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Commissioners favor $40-per-ton tipping fee Trash program estimated to cost $53 per ton


The county commissioners are moving forward with a proposed $40-per-ton tipping fee, even though the cost of a revised solid waste management program, which would include mandatory recycling, is projected to be higher.

During a work session Wednesday on proposed revisions to the county's Solid Waste Management Ordinance, officials said they expect the cost of burying and recycling trash to be about $53 per ton.

County Attorney Charles W. Thompson Jr. said commissioners believed that raising the tipping fee by $25 -- from $15 per ton to $40 -- was enough to make the revised program operable. Mandatory recycling is to begin July 1.

"In consideration that other fees are [being placed] on people in Carroll, we felt we have to minimize the impact," said Commissioner Elmer C. Lippy, referring to a proposed 85 percent increase in water and sewer rates for some county residents.

"But we're doing so in full recognition that the actual cost is $53."

Commissioner Julia W. Gouge said that part of the rationale for minimizing the increase is the lackluster economy.

"We thought $40 was sufficient," she said.

Thompson said it was unlikely that the commissioners would raise the tipping fee during fiscal 1993, which begins July 1. However, he said, an increase is likely the following year to cover the cost of disposing of trash from new homes, especially if there is a drop in the market value of aluminum.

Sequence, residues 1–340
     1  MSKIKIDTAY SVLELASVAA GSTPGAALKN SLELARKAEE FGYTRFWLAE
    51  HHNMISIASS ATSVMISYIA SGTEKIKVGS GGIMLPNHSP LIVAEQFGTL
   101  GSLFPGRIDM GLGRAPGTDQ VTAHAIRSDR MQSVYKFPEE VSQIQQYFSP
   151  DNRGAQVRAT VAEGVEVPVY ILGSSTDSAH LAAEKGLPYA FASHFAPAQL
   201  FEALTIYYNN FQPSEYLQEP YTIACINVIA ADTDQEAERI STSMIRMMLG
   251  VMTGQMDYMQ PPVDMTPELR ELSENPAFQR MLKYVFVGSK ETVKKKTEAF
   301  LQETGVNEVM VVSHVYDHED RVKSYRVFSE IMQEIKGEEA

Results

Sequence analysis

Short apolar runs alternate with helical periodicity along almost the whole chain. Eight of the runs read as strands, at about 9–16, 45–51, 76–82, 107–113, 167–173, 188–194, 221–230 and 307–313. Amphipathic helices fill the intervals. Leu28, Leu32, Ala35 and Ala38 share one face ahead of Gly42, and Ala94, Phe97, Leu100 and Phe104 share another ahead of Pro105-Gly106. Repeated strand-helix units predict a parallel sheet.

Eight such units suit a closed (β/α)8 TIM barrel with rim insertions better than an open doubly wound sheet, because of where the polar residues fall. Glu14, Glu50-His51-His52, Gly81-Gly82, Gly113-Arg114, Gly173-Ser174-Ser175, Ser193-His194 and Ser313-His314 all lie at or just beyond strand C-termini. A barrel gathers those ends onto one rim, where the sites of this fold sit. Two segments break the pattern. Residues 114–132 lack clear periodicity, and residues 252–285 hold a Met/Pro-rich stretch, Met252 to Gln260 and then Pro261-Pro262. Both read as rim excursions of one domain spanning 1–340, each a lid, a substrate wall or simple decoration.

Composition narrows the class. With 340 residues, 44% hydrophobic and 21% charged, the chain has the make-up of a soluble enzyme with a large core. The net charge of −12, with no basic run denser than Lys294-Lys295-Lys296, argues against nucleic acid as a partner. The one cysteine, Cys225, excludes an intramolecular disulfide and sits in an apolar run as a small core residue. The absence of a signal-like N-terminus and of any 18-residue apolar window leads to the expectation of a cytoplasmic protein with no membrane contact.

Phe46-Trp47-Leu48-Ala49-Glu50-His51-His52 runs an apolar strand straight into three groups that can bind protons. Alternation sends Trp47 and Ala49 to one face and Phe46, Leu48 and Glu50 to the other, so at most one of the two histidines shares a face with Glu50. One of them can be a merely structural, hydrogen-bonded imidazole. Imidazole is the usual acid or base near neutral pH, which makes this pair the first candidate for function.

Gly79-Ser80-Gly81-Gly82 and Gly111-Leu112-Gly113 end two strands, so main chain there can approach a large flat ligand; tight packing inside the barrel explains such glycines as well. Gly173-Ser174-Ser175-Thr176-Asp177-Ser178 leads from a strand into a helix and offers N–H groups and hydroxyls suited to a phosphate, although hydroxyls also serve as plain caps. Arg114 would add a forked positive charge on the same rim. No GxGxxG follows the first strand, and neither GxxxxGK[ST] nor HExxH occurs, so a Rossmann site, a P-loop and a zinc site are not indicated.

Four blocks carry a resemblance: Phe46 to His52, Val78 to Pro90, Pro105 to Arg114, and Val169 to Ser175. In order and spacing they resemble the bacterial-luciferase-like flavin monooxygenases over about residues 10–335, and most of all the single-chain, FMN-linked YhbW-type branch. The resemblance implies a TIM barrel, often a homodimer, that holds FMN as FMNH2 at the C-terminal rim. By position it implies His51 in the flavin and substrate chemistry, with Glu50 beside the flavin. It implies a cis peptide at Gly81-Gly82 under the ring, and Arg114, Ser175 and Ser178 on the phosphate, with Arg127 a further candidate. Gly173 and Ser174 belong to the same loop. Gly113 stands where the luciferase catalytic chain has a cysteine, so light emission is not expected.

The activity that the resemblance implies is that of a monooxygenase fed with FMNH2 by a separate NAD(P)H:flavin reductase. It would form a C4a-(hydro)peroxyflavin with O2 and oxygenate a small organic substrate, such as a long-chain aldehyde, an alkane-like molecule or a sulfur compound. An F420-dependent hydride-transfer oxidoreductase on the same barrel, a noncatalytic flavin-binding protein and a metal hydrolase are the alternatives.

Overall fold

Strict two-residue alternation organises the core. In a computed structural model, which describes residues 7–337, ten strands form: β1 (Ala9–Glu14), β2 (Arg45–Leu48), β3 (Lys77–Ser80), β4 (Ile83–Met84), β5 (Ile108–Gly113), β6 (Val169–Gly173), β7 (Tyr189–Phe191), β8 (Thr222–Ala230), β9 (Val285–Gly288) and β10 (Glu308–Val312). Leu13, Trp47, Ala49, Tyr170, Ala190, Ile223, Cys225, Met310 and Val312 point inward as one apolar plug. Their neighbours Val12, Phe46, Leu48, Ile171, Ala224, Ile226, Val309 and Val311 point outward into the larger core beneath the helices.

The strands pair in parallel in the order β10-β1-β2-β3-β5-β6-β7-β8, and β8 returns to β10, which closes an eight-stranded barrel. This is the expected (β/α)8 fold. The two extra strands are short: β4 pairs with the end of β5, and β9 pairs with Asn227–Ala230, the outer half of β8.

In implementing mandatory recycling for residents and businesses, the county is working to comply with a state requirement that Carroll recycle 15 percent of its solid waste by 1994.

A hearing on the proposed revisions to the county's solid waste ordinance will begin at 7 p.m. Tuesday in the gymnasium of the Multi-Service Center, 224 N. Center St., Westminster.

The county is close to reaching a $258,000 contract with Phoenix Recycling Inc. of Finksburg to operate a recycling facility for materials such as newspapers, cardboard, office and other paper, aluminum cans, glass and plastic.

Currently, the county generates about 120,000 tons of trash a year. County officials estimate that recycling will reduce that figure by about 18,000 tons.

Thompson said county officials estimate that about $2 of the proposed tipping fee will cover the costs associated with mandatory recycling.

Sykesville, which has a successful voluntary recycling program, would receive a $2 reduction in the proposed tipping fee.

However, Sykesville officials have protested that the reduction is not enough in light of the town's rate of recycling 23 percent of its trash.

Haulers and business owners expressed concern during Wednesday's session at having to provide the county with lists of customers and customer routes.

Thompson said the county would no longer require the submission of customer lists under the proposed revisions.

Haulers complained that adding a line to customers' bills about the county's proposed $40-per-ton tipping fee would be costly. The notice would state that the yearly cost for a family of four would be about $60.

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